For a few years now, I have had this vague argument in the back of my mind regarding the relationship between Christianity and intellectual freedoms, like the freedoms of thought, belief, press, and information. This argument started to take hold in my mind before I formally studied apologetics and it has only been strengthened by that study, even if I have never taken the time to really work it out or write it down. As it currently exists in my mind, it boils down to two main theses: (1) Christianity provides the only rational basis for supporting these freedoms and (2) Christians ought to be radical supporters of these freedoms. The purpose of this post is to inaugurate a series that digs a little deeper into the relationships that exist between Christianity and this collection of intellectual freedoms.
Before getting into the thickets, it’s necessary to provide a baseline idea about what exactly I am talking about. In my last post, I mentioned how an ideological use of language can mislead those who read or hear it without some sort of understanding or indoctrination into a particular paradigm. I try to avoid this in my own writing and thinking. I want someone who reads my writing to understand what I am trying to communicate. I do not want to talk circles of nonsense around the reader in some misguided attempt to sound smarter or better-informed than I really am. If I cite a work or a writer who uses a word or concept differently from my own usage or from the commonsense usage, I will say so. Having to make that clarification brings up an important issue regarding the clarity of communication.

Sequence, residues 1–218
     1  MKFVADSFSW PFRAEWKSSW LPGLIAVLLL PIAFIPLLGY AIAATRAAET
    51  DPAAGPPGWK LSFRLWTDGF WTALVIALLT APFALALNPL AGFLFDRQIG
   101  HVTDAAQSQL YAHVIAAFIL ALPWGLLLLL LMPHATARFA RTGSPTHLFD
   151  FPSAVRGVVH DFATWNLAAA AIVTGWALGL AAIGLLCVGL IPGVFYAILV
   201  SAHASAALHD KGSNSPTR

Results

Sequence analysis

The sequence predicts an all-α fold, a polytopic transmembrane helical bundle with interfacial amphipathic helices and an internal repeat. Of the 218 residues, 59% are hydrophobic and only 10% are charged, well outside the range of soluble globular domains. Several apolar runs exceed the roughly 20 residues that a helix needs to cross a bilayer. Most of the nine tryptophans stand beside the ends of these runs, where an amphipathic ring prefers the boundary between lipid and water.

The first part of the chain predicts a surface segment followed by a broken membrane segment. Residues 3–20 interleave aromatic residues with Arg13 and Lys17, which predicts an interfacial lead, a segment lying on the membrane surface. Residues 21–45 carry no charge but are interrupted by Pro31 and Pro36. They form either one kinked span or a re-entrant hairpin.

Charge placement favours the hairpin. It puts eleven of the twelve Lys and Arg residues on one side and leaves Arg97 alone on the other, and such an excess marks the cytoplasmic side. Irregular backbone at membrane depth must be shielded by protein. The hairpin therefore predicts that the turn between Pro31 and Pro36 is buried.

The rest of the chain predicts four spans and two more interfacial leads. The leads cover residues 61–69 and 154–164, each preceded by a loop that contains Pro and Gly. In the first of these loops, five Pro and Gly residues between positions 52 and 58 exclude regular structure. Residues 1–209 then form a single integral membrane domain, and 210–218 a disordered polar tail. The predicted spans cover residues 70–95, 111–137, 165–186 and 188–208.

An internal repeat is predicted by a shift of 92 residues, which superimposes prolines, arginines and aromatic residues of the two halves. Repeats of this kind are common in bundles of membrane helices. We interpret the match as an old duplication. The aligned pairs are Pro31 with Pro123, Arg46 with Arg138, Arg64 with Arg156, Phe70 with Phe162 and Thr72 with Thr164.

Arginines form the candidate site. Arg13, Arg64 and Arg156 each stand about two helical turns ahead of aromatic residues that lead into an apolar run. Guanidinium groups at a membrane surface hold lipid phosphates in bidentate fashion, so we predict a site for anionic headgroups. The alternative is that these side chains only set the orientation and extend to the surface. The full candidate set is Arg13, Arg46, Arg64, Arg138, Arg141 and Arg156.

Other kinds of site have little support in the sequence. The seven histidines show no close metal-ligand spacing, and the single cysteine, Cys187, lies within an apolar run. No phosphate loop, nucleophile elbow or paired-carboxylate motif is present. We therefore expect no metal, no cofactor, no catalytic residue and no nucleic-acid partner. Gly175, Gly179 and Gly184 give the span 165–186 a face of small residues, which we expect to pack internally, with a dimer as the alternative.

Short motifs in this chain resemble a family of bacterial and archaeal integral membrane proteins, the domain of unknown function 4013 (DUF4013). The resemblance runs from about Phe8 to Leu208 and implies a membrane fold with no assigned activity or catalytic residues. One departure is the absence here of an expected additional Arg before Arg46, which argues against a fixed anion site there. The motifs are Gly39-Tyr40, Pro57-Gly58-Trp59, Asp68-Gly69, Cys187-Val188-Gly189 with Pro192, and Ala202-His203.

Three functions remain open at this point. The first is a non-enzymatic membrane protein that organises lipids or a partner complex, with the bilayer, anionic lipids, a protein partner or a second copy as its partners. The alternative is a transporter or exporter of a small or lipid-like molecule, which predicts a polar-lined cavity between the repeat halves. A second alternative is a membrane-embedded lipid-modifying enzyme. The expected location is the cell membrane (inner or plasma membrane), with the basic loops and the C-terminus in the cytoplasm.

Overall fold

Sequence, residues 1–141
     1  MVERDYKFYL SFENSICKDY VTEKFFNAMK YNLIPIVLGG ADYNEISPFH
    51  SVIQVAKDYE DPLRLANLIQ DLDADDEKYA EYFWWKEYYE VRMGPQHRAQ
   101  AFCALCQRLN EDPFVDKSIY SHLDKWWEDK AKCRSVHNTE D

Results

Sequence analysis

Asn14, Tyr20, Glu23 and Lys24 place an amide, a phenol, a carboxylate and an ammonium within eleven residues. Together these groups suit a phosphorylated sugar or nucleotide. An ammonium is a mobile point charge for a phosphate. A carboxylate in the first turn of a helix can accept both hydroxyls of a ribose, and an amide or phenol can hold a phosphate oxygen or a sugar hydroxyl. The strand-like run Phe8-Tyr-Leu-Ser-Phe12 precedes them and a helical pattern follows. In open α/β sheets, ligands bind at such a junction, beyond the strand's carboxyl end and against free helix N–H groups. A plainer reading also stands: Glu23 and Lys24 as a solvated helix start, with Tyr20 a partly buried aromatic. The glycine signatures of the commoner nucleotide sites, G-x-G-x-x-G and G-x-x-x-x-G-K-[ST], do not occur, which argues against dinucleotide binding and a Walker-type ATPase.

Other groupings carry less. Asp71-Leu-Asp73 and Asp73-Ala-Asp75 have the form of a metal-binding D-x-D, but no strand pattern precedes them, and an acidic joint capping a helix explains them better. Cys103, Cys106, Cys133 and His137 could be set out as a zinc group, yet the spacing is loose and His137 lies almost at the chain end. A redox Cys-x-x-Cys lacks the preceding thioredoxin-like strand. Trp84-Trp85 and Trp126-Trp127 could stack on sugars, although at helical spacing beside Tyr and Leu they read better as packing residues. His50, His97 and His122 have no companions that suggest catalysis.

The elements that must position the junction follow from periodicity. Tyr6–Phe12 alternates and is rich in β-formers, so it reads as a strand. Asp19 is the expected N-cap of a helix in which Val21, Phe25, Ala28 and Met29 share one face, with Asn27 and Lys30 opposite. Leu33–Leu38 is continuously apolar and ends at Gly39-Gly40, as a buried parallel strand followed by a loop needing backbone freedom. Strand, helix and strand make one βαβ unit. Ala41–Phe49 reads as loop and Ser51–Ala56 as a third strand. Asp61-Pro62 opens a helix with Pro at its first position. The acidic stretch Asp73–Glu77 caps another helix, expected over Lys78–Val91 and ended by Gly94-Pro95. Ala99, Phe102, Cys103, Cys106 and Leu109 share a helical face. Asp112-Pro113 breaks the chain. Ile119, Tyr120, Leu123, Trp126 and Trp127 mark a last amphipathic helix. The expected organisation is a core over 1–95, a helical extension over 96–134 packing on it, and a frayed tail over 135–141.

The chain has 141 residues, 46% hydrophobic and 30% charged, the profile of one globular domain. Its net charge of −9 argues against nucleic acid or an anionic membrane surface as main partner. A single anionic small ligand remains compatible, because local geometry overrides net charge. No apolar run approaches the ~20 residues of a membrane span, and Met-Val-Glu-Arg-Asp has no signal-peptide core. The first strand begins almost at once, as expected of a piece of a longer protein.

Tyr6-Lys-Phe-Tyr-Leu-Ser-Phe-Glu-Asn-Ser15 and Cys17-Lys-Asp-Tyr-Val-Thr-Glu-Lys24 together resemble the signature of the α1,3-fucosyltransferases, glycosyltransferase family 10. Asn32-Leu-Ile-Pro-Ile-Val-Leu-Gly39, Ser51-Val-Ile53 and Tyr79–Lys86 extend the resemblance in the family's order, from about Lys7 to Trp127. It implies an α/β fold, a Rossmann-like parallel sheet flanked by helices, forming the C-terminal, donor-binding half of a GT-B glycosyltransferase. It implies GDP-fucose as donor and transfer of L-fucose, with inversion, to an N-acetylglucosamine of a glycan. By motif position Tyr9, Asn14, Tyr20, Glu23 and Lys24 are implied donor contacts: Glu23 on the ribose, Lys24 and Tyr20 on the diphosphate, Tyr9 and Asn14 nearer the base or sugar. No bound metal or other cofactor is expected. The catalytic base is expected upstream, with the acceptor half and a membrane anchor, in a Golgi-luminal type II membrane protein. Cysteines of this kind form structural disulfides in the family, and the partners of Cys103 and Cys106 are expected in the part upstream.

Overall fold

I have been writing for most of my life. I have notebooks full of writing that will never be read by anyone else. In many instances, I write in order to communicate with myself. This post is a partial example of this–I have had these ideas and notions in my head for some time, but I have not taken the time to write them down, to think about them. That is, I have not taken the time to communicate with myself what it is I really think or believe about these issues and ideas. Just as much as what I am typing right now is intended to communicate something to you, the reader, it is also an attempt to communicate with myself, to clarify my thoughts, to work out what I really think and believe. Like a hands-on learner who cannot grasp how a machine works until they take it apart and put it back together, I often need to take my thoughts apart on the page and put them back together in a way that makes sense.